• Pros & Cons for the child – Think about the setting(s) in which your child is most attentive and engaged. Some students learn best in group situations, with peer engagement. Others learn best in one-on-one discussions with an adult or when using interactive media. Knowing what helps your child pay attention and stay engaged is important because attention and active engagement are two of the four “pillars” of  learning.

homeschooling with dyslexia chart

Summarizing their 2021 multi-day, virtual conference on The Post-Pandemic Future of Homeschooling, the Harvard Kennedy School of Education leaders concluded, “The success of homeschooling seems to depend largely on the individual child and parents.”  

Even if you decide that homeschooling is not the best option for your family at the present, there are plenty of things you can do to help your struggling reader at home

Lexercise is Here to Help when Homeschooling a Dyslexic Child

To learn more about dyslexia, homeschooling, and the latest resources to support you and your child, sign up for the Lexercise blog below. If you suspect that your child may be a struggling reader or have a learning disability, visit the Lexercise testing page and take the first step toward helping your child become a skilled and confident reader and writer.

2 Responses to Homeschooling with Dyslexia: Is it Better for A Child?

  • henni piscitello commented

    I intend to take my child out of public school and homeschool her. Lily receives special education services but is regressing. She begs me to take her out of school and I believe it is time to do just that.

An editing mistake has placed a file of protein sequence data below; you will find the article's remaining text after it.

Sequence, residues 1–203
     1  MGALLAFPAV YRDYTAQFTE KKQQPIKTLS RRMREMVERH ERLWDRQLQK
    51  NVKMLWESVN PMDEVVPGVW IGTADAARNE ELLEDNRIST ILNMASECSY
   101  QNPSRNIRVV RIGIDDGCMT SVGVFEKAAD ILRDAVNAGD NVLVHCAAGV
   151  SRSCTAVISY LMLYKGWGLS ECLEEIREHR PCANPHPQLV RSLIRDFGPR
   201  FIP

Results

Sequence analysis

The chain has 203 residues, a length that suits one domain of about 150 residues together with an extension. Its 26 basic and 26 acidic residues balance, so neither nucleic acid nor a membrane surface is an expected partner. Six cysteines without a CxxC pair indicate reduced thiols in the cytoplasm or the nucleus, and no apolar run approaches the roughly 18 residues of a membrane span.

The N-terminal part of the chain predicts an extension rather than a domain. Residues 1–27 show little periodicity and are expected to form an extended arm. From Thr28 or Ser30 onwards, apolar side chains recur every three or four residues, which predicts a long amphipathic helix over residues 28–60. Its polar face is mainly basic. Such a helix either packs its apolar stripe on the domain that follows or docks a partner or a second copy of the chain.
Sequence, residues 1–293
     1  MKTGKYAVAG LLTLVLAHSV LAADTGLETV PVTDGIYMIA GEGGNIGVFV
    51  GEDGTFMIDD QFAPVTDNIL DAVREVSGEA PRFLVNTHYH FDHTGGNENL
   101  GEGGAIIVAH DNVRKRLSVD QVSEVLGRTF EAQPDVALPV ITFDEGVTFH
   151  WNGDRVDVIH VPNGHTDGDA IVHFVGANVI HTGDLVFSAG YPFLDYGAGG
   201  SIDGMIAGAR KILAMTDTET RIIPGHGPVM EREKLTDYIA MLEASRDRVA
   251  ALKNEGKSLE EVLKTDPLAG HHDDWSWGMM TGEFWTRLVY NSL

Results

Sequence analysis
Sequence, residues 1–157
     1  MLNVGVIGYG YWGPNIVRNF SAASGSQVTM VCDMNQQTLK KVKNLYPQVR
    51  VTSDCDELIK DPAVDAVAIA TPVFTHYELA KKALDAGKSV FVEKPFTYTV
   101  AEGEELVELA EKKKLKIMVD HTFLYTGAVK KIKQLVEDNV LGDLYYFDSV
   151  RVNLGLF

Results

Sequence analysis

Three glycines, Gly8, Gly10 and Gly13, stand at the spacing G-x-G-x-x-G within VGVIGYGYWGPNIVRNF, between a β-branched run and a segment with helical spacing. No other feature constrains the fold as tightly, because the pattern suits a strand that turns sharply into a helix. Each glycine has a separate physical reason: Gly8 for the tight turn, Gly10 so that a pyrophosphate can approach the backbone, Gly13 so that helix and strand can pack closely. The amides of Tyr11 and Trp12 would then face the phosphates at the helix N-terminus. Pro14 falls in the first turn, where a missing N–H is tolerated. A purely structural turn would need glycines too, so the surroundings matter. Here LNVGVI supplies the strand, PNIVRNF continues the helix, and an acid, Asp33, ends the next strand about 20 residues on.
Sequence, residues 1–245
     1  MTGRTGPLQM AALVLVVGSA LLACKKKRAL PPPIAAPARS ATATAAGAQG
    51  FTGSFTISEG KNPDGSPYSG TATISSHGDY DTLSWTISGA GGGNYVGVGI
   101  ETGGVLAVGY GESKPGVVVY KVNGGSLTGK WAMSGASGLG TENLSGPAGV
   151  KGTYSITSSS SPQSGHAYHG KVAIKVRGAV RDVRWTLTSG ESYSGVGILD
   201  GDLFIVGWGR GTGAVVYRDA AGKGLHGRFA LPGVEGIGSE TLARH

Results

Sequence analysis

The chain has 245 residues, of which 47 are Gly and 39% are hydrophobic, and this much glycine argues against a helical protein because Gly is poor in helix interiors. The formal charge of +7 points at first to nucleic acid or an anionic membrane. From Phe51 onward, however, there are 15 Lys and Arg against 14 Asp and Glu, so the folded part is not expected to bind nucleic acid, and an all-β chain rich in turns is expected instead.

I am dually certified in regular and special education in NYS.

    Regarding homeschooling, I want to make sure that I am doing everything correctly. Obviously reading and writing is not the only thing that needs to be taught. I do need information and some guidance.

    • Andrea Lacotte commented

      Henni, this is such a good point: “…reading and writing is not the only thing that needs to be taught.” An early emphasis on teaching reading and writing is important because written communication skills are underpinnings for gaining knowledge and the mastery of other academic skills, such as mathematics.

      For more about that see this article and especially the section, Two-Sided Reading Instruction and Knowledge-Rich Curricula: What Works and What Doesn’t.

      For specific guidance, we suggest taking an advantage of a free 15-minute consultation with a Lexercise therapist. You can schedule a call here. For state-specific homeschooling information, you can head over to HSLDA’s page on Homeschooling laws by state.

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Sandie Barrie Blackley, MA/CCC

MA/CCC - Cofounder and CKO

Sandie is a speech-language pathologist with more than 30 years of experience in the private practice sector. She is Visiting Assistant Professor of Communication Sciences & Disorders at University of North Carolina Greensboro, and founder/owner of the Language & Learning Clinic, PLLC, a private practice in Elkin, NC, and Greensboro, NC, specializing in communication disorders, including disorders of reading and written language.